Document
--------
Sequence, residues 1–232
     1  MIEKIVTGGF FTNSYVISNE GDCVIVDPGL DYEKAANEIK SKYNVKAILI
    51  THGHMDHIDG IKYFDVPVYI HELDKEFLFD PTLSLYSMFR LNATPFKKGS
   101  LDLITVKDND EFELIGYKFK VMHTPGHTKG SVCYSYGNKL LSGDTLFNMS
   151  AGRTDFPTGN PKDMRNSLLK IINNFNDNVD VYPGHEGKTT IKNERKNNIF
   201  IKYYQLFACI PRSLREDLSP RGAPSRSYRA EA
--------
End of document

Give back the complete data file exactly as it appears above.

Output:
Sequence, residues 1–232
     1  MIEKIVTGGF FTNSYVISNE GDCVIVDPGL DYEKAANEIK SKYNVKAILI
    51  THGHMDHIDG IKYFDVPVYI HELDKEFLFD PTLSLYSMFR LNATPFKKGS
   101  LDLITVKDND EFELIGYKFK VMHTPGHTKG SVCYSYGNKL LSGDTLFNMS
   151  AGRTDFPTGN PKDMRNSLLK IINNFNDNVD VYPGHEGKTT IKNERKNNIF
   201  IKYYQLFACI PRSLREDLSP RGAPSRSYRA EA